Dear My Fresher Self...
Taking a look at my experience of maintaining wellbeing and resilience at university, and some top tips I would give to myself if I had a time machine...
Dear My Fresher Self,
I hope you’ve settled into your room okay, try not to be intimidated by the exposed prison-brick walls, the prospect of sharing a small bathroom with 11 strangers, and the creepy new flat-mate you just passed in the hallway. University will be one of the most rewarding experiences of your life (and that creepy guy will become one of your best friends.) But here is some advice from me to me, and to others considering or starting uni, informed by the very valuable tool of hindsight, focusing on how to maintain mental and physical wellbeing.
I recently graduated from the University of Exeter with a first-class BA in English. I loved university, but for me, and many others, it put a huge strain on wellbeing. The dysfunctional lifestyle of binge drinking, drunk cheesy chips, sleeping until midday, and leaving stressful deadlines to the last minute, can have an extremely damaging effect. In my second year my unhealthy lifestyle caused my wellbeing to hit an all-time low. I started losing weight, despite (as a typical student) eating and drinking excessively. Whilst this might sound like a dream come true, it was actually an indicator that my body had stopped working properly. My mental health simultaneously plummeted.
According to the Mental Health Foundation, physical and mental health problems go hand in hand; “Research has found that 30% of people with a long-term physical health problem also have a mental health problem and 46% of people with a mental health problem also had a long-term physical health problem.”
Neglecting my wellbeing culminated in a health crisis. In my Christmas break, after a stressful term, I had a severe outbreak of psoriasis. Psoriasis is a painful skin condition and autoimmune disease, like eczema, but more intense and harder to get rid of. It is intrinsically linked to stress. My face became swollen, my arms came out in blisters, and the skin on my hand flaked off. I developed arthritis in my fingers, and my whole body was constantly itchy and painful. I became intolerant to all foods; eating anything would anger my condition. Mentally, I was at my lowest; I hated myself and was at war with my body. Whilst my experience of psoriasis is quite rare, it was ultimately a physical manifestation of me neglecting my own wellbeing. My body was screaming for me to take better care of myself.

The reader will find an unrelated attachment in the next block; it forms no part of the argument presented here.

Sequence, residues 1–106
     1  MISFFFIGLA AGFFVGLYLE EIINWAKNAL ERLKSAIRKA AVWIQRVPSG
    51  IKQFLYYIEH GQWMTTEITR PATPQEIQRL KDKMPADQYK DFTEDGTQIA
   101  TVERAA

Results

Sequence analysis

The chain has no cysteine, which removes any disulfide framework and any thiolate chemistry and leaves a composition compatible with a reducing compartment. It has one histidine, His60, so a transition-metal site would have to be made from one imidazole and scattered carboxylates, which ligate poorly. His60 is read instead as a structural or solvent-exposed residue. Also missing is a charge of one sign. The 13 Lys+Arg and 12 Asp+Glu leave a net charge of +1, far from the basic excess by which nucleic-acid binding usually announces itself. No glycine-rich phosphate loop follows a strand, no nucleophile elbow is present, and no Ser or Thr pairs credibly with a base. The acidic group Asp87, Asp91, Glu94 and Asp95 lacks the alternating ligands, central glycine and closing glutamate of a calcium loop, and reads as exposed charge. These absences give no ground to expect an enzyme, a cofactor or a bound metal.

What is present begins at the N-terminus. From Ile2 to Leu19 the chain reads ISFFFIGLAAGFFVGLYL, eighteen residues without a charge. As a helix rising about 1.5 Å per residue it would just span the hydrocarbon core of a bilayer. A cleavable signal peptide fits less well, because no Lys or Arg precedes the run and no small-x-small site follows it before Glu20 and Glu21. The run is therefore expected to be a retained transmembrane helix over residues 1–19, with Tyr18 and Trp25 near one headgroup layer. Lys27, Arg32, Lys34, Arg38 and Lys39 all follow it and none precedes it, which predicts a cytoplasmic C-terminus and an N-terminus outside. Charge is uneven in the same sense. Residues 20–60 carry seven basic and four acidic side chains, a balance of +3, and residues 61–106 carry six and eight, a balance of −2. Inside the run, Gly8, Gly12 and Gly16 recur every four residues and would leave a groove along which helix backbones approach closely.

A huge number of university students in England are struggling with wellbeing. Mental illness in the 16-24 age group is rife. ”In the 12 months ending July 2017, the rate of suicide for university students in England and Wales was 4.7 deaths per 100,000 students, which equates to 95 suicides or about one death every four days” (Office for National Statistics); this rate has not dropped in a year. The pressures of university means that as an already vulnerable age-group, we must focus massively on creating long-lasting mental wellbeing.
I recovered from my psoriasis outbreak and negative mentality by prioritising myself and getting into a self-care routine. If I could talk to my naive, wide-eyed fresher self, I would give her the following advice:
Say no to drinking sometimes- hangovers cause anxiety and stress
Take time to relax- have a bath or read a book
Eat well and drink lots of water
Don’t be afraid to say ‘no’ to social events if you are too tired- real friends will understand.
Surround yourself with supportive, positive people
It’s okay to not feel okay sometimes, and it’s important to talk about mental health
Find a work/life balance- try to keep on top of your work
Regularly check in with family
Join societies, spend time pursuing your interests, and throw yourself into everything university has to offer
Breathe- go outside and get fresh air
Most importantly: be kind to yourself
I will take this advice forward with me into future jobs. It’s so easy to forget to look after yourself when you are working (and playing) hard, but its importance cannot be overstated. Wellbeing and resilience techniques need to spread across universities and the businesses that university graduates will enter.
Once I achieved this balanced, positive mental wellbeing in my third-year, I was at my most academically productive and managed to achieve firsts in every final assignment. Practising mental, physical wellbeing and resilience is key to creating productive workplaces.
By Grace Proctor, Content Editor.